dependence on public parks and gardens for relaxation is an important factor. The use of water in public open spaces to keep them attractive and viable is an important consideration. The Council which manages its own parks and gardens was accustomed to having sufficient water supplied to maintain these spaces. The Water Committee, however, decided that the water used for irrigation would have to be paid for in future. Ecodes has also been advocating greater participation in the CHE as ‘environmentalists, consumers and neighbourhood associations are currently under-represented’ (Garrido et al. 2004).

The ‘easy-choice’ technologies and solutions applied to the water-saving campaign in Zaragoza are similar to those deployed elsewhere (for example the Environment Agency for England & Wales, ‘How we help to Save Water’, UK’s Waterwise). These focus on the promotion of water and energy efficient white goods, installation of aerated appliances, spring loaded taps, low flush toilets, etc. But also the campaign relies on changes in personal behaviour by paying attention to smaller everyday savings – turning off the tap, repairing leaking valves and washers, or refraining from thawing frozen food under running water. Ecodes has reported that the change of personal habits had been more easily accomplished than the installation of water management devices. This may have been due to the extra financial investments required ´ to be made by households (Vinuales Edo & Fernandez ˜ Soler 2003). Little progress has been made in Zaragoza with regard to the promotion of ‘alternative’ technologies such as rainwater harvesting or grey water recycling. Consideration of these would reduce the demand for water and reduce the energy used for producing fully potable water for all applications. Garc´a Lucea (2006, personal commuı nication) makes reference to alternative water sources, especially the use of groundwater for the watering of parks and for commercial use in factories, but it is not seen as a substitute or part substitute for domestic application.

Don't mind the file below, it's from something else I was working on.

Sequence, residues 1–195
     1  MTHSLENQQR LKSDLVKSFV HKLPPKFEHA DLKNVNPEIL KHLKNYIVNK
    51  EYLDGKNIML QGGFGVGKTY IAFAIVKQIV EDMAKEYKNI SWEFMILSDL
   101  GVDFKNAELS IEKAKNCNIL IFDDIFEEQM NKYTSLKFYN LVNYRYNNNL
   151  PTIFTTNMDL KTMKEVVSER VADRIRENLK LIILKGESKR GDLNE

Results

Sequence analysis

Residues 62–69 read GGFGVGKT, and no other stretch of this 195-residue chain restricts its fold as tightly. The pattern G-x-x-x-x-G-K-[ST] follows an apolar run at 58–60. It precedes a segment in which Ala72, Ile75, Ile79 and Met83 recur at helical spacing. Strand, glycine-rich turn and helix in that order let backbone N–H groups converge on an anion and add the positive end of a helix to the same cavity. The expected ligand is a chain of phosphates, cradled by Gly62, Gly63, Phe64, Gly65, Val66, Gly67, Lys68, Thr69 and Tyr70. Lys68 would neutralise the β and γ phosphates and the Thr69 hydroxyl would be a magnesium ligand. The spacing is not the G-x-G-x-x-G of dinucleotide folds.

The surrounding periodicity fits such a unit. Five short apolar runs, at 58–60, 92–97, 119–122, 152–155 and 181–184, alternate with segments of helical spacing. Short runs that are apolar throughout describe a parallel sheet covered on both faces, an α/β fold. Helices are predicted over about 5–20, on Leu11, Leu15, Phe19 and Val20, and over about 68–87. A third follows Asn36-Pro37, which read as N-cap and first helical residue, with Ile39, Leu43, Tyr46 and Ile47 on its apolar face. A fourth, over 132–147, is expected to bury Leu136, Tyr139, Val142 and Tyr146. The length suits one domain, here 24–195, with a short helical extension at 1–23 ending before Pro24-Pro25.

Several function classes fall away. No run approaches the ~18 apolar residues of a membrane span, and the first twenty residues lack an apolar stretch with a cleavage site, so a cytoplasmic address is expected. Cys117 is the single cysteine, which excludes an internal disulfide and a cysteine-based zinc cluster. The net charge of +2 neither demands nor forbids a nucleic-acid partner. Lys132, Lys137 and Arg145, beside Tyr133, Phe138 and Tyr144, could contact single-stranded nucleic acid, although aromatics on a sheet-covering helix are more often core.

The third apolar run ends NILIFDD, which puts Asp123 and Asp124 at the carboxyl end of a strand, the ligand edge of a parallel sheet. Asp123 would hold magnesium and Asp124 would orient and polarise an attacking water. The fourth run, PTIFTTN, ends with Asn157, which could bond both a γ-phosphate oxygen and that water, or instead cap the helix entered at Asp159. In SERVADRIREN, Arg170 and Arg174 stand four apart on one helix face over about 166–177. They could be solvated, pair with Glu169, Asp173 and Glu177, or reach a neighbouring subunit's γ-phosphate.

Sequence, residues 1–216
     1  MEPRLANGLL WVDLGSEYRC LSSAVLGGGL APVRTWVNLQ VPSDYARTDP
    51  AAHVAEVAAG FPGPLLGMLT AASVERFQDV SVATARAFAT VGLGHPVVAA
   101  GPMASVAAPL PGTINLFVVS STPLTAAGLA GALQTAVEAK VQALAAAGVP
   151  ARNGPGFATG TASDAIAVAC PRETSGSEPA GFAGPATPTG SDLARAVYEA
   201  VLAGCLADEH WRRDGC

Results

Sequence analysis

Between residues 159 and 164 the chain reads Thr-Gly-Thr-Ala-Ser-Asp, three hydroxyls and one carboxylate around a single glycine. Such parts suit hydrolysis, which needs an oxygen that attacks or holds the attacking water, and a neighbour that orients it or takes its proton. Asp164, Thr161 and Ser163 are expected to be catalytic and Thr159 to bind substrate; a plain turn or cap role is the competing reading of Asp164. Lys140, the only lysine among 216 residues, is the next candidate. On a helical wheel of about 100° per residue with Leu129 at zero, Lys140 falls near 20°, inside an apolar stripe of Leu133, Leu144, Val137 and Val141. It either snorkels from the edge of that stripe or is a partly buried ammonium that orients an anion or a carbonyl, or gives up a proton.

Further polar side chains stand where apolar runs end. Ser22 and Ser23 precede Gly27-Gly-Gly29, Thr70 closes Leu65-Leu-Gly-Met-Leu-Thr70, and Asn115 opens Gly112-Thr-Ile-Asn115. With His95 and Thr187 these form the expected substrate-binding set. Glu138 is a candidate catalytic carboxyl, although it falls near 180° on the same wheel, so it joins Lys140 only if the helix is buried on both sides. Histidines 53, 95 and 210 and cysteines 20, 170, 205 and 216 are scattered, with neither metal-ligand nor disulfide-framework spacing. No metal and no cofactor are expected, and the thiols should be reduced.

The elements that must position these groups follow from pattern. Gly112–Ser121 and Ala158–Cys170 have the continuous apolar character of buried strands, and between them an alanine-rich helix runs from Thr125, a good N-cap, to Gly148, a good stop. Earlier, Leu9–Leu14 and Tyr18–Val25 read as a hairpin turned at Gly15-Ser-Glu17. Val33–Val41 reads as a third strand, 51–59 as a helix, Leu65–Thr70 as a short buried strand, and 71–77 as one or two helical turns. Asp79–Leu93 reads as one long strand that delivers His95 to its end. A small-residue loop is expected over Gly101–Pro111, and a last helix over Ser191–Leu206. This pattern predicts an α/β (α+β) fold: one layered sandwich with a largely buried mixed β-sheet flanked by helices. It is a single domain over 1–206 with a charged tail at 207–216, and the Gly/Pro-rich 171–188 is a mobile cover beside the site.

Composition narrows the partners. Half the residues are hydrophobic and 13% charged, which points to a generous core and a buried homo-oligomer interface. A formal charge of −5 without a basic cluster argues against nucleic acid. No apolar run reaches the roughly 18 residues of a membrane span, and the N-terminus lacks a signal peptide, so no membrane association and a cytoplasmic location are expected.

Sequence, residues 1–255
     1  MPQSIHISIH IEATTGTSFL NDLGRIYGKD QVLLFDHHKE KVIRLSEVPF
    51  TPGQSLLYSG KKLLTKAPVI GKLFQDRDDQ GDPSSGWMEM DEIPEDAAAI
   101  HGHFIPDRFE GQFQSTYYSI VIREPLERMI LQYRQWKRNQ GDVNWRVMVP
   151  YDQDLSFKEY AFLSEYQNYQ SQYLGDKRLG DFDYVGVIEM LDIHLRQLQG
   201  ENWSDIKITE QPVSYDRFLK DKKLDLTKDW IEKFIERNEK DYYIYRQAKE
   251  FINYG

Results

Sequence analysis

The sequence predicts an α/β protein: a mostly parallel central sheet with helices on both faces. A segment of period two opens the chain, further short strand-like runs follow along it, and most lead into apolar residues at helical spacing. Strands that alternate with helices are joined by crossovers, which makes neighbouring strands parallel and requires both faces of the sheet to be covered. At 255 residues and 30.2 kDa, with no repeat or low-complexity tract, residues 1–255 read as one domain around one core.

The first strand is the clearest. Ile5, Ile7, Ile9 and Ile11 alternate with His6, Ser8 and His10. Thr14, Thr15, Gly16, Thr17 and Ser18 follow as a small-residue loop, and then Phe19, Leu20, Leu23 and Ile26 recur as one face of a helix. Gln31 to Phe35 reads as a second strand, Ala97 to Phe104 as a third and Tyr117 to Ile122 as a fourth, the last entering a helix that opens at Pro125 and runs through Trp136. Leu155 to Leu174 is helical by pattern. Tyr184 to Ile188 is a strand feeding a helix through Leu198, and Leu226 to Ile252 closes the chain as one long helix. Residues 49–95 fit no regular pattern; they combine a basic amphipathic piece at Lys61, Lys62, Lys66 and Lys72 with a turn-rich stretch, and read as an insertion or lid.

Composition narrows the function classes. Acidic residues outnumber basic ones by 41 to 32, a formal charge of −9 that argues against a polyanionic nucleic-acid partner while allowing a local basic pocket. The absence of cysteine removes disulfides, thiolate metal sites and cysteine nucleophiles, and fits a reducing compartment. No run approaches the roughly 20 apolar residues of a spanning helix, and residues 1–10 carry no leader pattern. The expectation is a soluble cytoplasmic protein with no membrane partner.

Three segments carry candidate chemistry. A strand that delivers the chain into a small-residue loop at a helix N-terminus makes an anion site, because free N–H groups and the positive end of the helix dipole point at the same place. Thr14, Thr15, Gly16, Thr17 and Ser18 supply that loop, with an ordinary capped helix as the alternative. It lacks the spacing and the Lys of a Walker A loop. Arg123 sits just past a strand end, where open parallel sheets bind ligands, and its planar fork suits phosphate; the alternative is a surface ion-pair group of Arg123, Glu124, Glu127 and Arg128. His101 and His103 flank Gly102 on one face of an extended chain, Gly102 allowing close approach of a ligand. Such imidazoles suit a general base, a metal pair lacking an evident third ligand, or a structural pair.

The third important driver was the urgent requirement to upgrade local delivery of water services (and wastewater services) in Zaragoza that had suffered a long term deterioration due to neglect, together with an expanding civil population requiring new infrastructure. Background social pressure to provide these services in a more satisfactory and comprehensive manner had been growing as a result. Because the ‘Water Saving’ campaign was initiated by an NGO, it is likely that there has been wider acceptance of it than had the project originated with the City Council. This is because after many years of under-investment, and because of the nature of democratic politics, such a municipal-originated campaign might have only found limited support from a minority based on the ‘political’ divide. The remainder of the population might have regarded it with a degree of cynicism. As the case demonstrates, the opposite has been true, and that a measured positive response to the campaign has been engendered across the spectrum of Zaragozan society. Once drawn into the water-saving campaign, the Council has adopted a socially sensitive approach to tariffs which has been continued despite a change of political regime in the town hall. This demonstrates a degree of long-term sustainability, signed up to by all parties. A greater analysis of the tariff structure can be seen in Appendix A. ´ In a relatively arid environment such as Aragon where the population lives in dense urban communities, the

The most important environmental driver was precipitated by the 1995 severe drought which affected some 11 million people across Spain. Zaragoza is set between a water rich region (the Pyrenees) and an extremely arid region to the West. Perhaps the greatest environmental impact from the water services provision is the balance of ´ water taken from the Canal de Aragon to provide both a